What Is Jackfruit Good For?
Having a distinct musky smell and deliciously sweet taste, jackfruit is a unique tropical fruit that is typically harvested during summer and fall.
It can grow to enormous sizes, measuring between 10 and 60 centimeters in length, 25 to 75 centimeters in diameter, and can weigh between 10 and 100 pounds, making it the largest tree-borne fruit in the world.
Specimens weighing more than 100 pounds have also been recorded.
Jackfruit originated from the rainforests of India’s Western Ghats and spread to other parts of the country, the East Indies and Southeast Asia. It is now planted in central and eastern Africa and has become quite popular in Brazil and Suriname. In Bangladesh, jackfruit is touted as the national fruit and it is considered the second-most important crop after mangoes.
The exotic jackfruit is green when unripe, and then turns light brown and spreads a strong fragrant smell once it is ripe. Like durian, jackfruit is round or oblong-shaped, and has an outer surface that is covered with blunt thorn-like projections that soften as the fruit ripens. Inside each fruit are hundreds of small, succulent yellow lobes. Most jackfruit trees can bear as many as 250 large fruits every season. The tree is used as timber as well.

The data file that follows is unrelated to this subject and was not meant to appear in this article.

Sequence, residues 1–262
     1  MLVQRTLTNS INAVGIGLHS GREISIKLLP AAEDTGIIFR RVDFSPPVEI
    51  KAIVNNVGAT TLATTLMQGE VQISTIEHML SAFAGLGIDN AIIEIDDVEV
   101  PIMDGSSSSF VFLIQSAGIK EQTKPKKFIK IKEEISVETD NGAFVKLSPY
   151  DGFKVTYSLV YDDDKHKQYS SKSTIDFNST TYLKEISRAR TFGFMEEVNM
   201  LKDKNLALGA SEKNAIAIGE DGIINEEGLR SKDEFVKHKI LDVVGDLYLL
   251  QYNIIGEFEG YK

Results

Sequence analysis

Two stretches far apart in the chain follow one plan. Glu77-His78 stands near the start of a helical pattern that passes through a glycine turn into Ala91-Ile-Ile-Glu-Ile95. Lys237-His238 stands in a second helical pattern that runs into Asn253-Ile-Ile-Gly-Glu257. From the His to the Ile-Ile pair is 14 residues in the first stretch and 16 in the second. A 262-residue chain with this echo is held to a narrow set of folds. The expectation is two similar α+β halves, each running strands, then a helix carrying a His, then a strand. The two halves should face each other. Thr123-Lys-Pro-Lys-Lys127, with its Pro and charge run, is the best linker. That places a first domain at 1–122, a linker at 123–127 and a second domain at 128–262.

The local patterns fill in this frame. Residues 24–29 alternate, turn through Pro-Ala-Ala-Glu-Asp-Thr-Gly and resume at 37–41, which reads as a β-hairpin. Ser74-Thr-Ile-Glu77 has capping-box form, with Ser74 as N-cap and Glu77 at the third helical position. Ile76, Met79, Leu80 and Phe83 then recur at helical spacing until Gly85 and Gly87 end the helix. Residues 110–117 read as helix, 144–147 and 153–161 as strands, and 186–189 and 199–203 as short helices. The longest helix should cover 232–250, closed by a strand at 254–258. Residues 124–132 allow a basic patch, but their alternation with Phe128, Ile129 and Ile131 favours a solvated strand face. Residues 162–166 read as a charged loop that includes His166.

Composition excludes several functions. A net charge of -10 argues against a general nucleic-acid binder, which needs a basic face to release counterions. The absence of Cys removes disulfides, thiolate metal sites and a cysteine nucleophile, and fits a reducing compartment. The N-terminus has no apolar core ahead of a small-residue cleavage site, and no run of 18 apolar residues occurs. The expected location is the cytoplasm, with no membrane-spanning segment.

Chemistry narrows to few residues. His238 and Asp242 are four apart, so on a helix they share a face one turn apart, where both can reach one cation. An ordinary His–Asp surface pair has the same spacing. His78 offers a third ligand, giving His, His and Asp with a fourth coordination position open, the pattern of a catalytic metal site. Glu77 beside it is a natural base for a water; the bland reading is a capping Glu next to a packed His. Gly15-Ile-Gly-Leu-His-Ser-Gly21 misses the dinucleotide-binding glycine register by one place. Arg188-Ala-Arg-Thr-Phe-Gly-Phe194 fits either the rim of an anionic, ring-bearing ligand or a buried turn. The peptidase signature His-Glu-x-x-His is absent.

Although jackfruit is still considered an exotic tropical fruit in the U.S., it is becoming more popular in the vegan and vegetarian circles as a meat substitute. After about one hour of cooking, unripened jackfruit starts to resemble the flavor and mouth-feel of pulled pork.
Health Benefits of Jackfruit
Jackfruit is a nutritional bonanza: it is rich in vitamins, minerals and dietary fiber, which makes it a good natural laxative. It can help improve digestion, as adequate fiber can be an effective natural remedy to prevent constipation, and it can also benefit those who want to lose or maintain their weight by giving a feeling of fullness.
Jackfruit is also known to contain significant amounts of vitamin A and flavonoid pigments (carotene-ß, xanthin, lutein and cryptoxanthin-ß), offering antioxidant and vision support. As it is low in calories and sodium and does not contain cholesterol or unhealthy fats, its luscious fruit lobes make a healthy, appetizing treat you can relish.
The enigmatic fruit is rich in B-complex vitamins, containing niacin, pyridoxine, riboflavin and folic acid. It is a viable source of minerals, such as iron, magnesium, potassium and manganese as well.